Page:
The next ranking event on the snooker calendar begins tomorrow in Berlin and, as usual, Paul Krishnamurty provides a staking plan based on picking one player from each section of the draw...
"Shaun Murphy has been arguably the second best player in the world this term behind Ronnie O'Sullivan and doesn't have to worry about the Rocket this time. The only players likely to present much of a challenge before the semis are Ryan Day...and capable outsider David Gilbert."
Last year's German Masters produced one of the all-time snooker shocks, when Anthony Hamilton defied odds of [150.0] to win his first ranking title at the age of 45. Whilst we have seen nothing of that order yet this season, numerous rank outsiders have reached the latter stages of events without winning.
As one of the less significant ranking events on the calendar - emphasised by Ronnie O'Sullivan withdrawing from his opening match - a shock is as likely to occur this week as any. The first two rounds were completed before Christmas and the action restarts tomorrow from the last-32 stage.
With Hamilton as number one seed (compared to a world ranking of 29), this top section is relatively weak. There are two in-form frontline candidates, though, and they're due to meet as early as the last-16.
Mark Allen was outstanding at The Masters and thoroughly deserved to win his first major title. A repeat of that form would make him very hard to beat but, after several years of inconsistency and underachievement, can 'The Pistol' suddenly be trusted? Having lost plenty of cash at much bigger odds, I'm not yet convinced he's a betting proposition at single-figure odds.
His principal rival is also in outstanding form and, for my money, has an easier hurdle to pass before their scheduled meeting. Mark Williams was superb in winning the Northern Ireland Open before Christmas and in knocking out Mark Selby at Alexandra Palace, before throwing in a stinker at the quarter-final stage. That tendency - a common feature amongst older players - is a concern but I think he'll ease past Fergal O'Brien first up and build some momentum.
Martin Gould - winner of last week's Championship League, champion here in 2016 and a semi-finalist last year - warrants plenty of respect too, but his chance is factored into much shorter odds than we're used to taking about him.
Next a very tricky section, in which the favourite makes absolutely no appeal. I simply don't understand why Judd Trump is always so short in the betting. He loses far too frequently to much inferior opponents and, as we saw at Wembley, is not reliable at converting opportunities even when playing well. Likewise Ding Junhui can hardly be backed with any confidence after several recent disappointments.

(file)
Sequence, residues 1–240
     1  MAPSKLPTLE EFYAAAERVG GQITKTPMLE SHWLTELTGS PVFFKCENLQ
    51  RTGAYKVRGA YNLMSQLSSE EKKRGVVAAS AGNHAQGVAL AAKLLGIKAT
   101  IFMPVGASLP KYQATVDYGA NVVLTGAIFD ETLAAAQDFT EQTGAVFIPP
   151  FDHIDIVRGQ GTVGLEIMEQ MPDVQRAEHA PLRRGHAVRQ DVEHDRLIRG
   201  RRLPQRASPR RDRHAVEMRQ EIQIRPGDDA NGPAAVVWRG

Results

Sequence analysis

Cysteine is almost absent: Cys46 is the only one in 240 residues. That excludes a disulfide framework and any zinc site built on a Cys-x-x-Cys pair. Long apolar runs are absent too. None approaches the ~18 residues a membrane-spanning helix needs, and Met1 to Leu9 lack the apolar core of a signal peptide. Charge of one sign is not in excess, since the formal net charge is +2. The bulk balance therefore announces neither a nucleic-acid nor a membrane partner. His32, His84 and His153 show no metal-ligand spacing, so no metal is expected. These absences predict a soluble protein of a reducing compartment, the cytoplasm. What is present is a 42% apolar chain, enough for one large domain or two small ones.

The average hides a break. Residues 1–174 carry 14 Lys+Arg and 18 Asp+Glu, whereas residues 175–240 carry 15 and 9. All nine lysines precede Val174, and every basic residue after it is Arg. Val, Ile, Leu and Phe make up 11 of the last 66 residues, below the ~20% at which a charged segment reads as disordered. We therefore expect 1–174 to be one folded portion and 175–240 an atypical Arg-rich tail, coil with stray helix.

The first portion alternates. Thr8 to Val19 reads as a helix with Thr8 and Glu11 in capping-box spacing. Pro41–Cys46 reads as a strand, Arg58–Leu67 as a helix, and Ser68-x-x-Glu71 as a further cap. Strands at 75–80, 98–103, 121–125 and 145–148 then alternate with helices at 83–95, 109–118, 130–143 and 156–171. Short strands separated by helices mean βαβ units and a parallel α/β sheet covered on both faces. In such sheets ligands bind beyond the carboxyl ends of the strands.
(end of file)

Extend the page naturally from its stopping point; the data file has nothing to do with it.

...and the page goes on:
It would be easy to make a case on value grounds for any one of three 50/1 shots - Ricky Walden, Joe Perry or Jack Lisowski. The first two are in need of a good run to restore their ranking status and liable to improve any time soon, but marginal preference is for the latter. Lisowski has been rated a top prospect since his teenage years and may be finally coming of age at 26. He's reached the Shanghai semis and English Open quarters this term - before losing nothing in defeat to Trump and O'Sullivan.
The favourite really stands out in this section. Shaun Murphy has been arguably the second best player in the world this term behind Ronnie O'Sullivan and doesn't have to worry about the Rocket this time. The only players likely to present much of a challenge before the semis are Ryan Day - whom he beat comfortably in the UK semis - and capable outsider David Gilbert. If he indeed wins three matches at short-odds to get that far, [10.5] to win the title will look huge.
The most obvious beneficiary of O'Sullivan's absence is world number one Mark Selby, and I wouldn't deter anyone from taking odds around [5.0] on the exchange. He's a former winner and runner-up of this event and will doubtless be itching to land another after a relatively quiet campaign. The Jester looked in good form at Alexandra Palace, despite losing that classic opener to Williams.
However Selby is never wholly reliable in the early rounds and he'll be tested from the outset by Xiao Guodong - who won their most recent encounter at the English Open. Therefore I'll go instead for an each-way value option on a player who, rather like Allen, is proving costly to follow.
The same argument nevertheless applies. Like Allen, Wenbo has the ability to win major titles, and often shows it in early rounds before finding one too good. He has won at this level before - in the 2016 English Open - and is overdue a more rewarding run. I would certainly rather take 40/1 about Liang than 18/1 about this season's most disappointing elite player, Barry Hawkins. That said, 'The Hawk' has a good record against Selby, whom he is scheduled to meet in the quarter-finals.
Back Mark Williams 4u @ 12.5
Back Jack Lisowski 1u each-way @ 50/1
Back Shaun Murphy 5u @ 10.5
Back Liang Wenbo 1u each-way @ 40/1